We start with the cleanest and lightest colours and work our way through to the darkest and strongest colours. We then deep clean the mixers, mills, pans and tools (a process that can run into days) and start again. We normally make about 6 months’ worth of stock of each colour in a batch. We are fortunate to have a well-equipped factory and across our seven mills we would ‘normally’ have a four month cycle to complete the process before we start again. Clearly we clean up after every colour but the level of cleaning required to stop contamination is less using this time honoured and trusted method. As a further advantage, we actually keep one of our large three-roll mills purely for the manufacture of white oil paints so as to ensure zero contamination on our precious white formulations.
(Covid-19 caused) raw materials shortages on pigments, oils, and packaging and demand for artist materials skyrocketed to the extent that we quickly ran out of certain items. The temptation was just to slot random colours into the production plan as they were needed by our retailers, but if we are making yellows (for example) but squeeze in a dark blue because we have run out, it means that we can only carry on making blues and finally blacks. We have bypassed all colours in between and will only get around to all those oranges, red, ochres and everything else on the list when we have restarted the colour run and worked our way through whites and yellows again!
So we are catching up with demand but it has to be in a methodical way, which is hard for the artist to understand when they are waiting desperately for a particular colour. Realistically with further raw material shortages anticipated, it’s going to be a bumpy ride for some time yet, but with a new mill installed and commissioned during the pandemic along with additional staff, we are convinced that the steady progress we are making will reduce lead- times and the number of products out of stock.’
As important as the beautiful paints and inks is some form of packaging in which to store and ship the art materials. Recently there have been known shortages of lids for acrylic pots as well as bottles for masking fluid which causes frustrating but unavoidable temporary delays.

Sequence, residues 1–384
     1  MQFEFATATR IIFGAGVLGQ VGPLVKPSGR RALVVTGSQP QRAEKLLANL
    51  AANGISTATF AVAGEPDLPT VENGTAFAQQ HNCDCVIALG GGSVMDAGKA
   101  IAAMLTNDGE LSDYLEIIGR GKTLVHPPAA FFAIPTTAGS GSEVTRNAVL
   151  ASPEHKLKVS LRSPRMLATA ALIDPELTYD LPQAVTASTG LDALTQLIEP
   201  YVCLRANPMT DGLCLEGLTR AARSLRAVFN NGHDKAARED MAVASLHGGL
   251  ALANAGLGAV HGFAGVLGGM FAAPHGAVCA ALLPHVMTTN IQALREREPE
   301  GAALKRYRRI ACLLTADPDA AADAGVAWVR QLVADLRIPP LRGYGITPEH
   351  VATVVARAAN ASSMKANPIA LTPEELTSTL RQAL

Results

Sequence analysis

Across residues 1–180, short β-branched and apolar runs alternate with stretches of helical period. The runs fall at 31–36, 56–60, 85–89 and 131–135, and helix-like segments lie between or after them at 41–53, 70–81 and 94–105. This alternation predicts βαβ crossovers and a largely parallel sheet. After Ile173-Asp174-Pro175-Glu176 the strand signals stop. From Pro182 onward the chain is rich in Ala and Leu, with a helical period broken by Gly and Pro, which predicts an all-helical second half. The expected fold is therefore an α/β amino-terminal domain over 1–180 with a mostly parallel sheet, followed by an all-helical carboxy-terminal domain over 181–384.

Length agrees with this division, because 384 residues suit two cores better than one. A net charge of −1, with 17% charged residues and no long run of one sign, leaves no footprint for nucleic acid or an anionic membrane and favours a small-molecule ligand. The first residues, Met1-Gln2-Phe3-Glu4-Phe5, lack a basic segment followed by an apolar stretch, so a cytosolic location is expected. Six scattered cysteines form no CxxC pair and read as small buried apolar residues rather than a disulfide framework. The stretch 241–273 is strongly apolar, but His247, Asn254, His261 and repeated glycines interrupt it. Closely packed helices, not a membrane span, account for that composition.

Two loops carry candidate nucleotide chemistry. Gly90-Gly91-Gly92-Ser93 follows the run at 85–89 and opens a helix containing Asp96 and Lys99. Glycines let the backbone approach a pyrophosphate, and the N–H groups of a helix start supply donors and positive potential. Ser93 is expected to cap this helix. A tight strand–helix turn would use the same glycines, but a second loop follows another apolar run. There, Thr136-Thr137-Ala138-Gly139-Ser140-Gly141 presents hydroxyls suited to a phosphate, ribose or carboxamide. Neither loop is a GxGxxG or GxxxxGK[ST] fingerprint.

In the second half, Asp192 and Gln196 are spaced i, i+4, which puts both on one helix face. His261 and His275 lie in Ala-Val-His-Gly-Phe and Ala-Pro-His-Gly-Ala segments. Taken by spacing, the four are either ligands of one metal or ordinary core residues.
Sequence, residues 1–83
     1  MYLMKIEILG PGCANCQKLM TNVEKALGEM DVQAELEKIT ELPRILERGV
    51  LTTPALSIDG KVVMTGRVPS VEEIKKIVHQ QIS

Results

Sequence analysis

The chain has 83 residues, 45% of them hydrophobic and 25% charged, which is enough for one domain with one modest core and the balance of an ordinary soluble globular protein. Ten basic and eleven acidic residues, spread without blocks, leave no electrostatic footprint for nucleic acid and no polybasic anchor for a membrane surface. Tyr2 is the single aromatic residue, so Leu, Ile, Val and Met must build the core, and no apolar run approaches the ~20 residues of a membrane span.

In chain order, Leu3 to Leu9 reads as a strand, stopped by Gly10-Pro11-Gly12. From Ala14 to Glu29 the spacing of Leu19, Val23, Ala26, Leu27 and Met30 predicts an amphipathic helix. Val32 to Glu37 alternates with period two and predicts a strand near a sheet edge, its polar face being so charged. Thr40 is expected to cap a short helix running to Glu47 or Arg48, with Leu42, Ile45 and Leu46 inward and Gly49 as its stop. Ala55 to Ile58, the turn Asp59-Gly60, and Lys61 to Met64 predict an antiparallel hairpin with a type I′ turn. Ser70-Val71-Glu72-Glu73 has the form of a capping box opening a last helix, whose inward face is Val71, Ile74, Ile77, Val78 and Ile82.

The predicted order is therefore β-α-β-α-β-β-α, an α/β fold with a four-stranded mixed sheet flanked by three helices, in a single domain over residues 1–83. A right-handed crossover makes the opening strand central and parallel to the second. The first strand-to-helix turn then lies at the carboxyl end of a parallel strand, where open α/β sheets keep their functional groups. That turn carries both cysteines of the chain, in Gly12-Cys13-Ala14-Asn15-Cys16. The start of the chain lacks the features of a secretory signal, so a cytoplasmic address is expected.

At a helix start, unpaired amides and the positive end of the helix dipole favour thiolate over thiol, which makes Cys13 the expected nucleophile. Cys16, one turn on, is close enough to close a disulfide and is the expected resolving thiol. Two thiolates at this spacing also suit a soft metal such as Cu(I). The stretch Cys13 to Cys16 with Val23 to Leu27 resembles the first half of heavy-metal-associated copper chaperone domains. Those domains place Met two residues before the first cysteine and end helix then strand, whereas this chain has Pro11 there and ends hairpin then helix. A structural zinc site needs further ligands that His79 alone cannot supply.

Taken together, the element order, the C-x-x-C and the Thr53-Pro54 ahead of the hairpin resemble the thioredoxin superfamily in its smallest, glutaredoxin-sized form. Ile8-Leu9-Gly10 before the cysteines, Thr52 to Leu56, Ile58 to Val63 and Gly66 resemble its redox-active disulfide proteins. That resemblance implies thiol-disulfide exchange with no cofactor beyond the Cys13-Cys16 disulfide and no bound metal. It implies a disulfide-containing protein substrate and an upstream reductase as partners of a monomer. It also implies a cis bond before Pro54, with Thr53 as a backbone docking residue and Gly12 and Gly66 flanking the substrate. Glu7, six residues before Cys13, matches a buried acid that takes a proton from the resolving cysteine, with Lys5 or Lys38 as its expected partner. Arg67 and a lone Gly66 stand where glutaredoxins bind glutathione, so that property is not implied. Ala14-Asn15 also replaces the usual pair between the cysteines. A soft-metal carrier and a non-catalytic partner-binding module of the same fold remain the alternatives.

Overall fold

Transportation and Shipping Charges
Some international orders, depending on their value, are required to go through customs in their destination country before they are handed to the local post or delivery company to complete. The customs clearance process varies from country to country and can take some time to process. Recent changes to various shipping charges and administration has caused delays in shipping in and out of the UK. Within the EU, Brexit caused delays at customs which caused the costs of shipping into the UK to rise, as well as custom delays to products leaving the UK. While these delays have since reduced, shipping fees are still high. Further afield, shipping charges from China have risen to four times what they were a year ago.
If you are waiting for a particular product that has been affected by these issues, it could be worth seeing if a similar alternative is offered by another brand. Check the product description for the ingredients within your product. It could be that the individual ingredients are available, so you could mix your own medium, for example. It’s worth bearing in mind that shortages of specific products or materials may not be industry wide, and because the brands that we sell are international, some companies may be better stocked than others. The filter function on our website allows you to refine search results, so that you can view only the brands you’re interested in, or the size, colour, or medium that you are looking for.
We understand that delays and shortages to stocks of art materials can be frustrating and we, alongside the manufacturers that we work with, are committed to ensuring such delays are kept to a minimum. In the meantime we will continue to notify you of the latest delivery times on our Delivery updates page – available to view from the top of the Jacksonsart.com homepage.